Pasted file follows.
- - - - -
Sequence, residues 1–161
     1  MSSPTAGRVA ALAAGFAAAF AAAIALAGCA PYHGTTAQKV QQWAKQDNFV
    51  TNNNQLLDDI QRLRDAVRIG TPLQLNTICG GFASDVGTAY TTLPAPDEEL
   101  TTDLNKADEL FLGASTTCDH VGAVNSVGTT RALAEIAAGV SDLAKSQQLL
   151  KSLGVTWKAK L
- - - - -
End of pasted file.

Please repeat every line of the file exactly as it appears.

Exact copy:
Sequence, residues 1–161
     1  MSSPTAGRVA ALAAGFAAAF AAAIALAGCA PYHGTTAQKV QQWAKQDNFV
    51  TNNNQLLDDI QRLRDAVRIG TPLQLNTICG GFASDVGTAY TTLPAPDEEL
   101  TTDLNKADEL FLGASTTCDH VGAVNSVGTT RALAEIAAGV SDLAKSQQLL
   151  KSLGVTWKAK L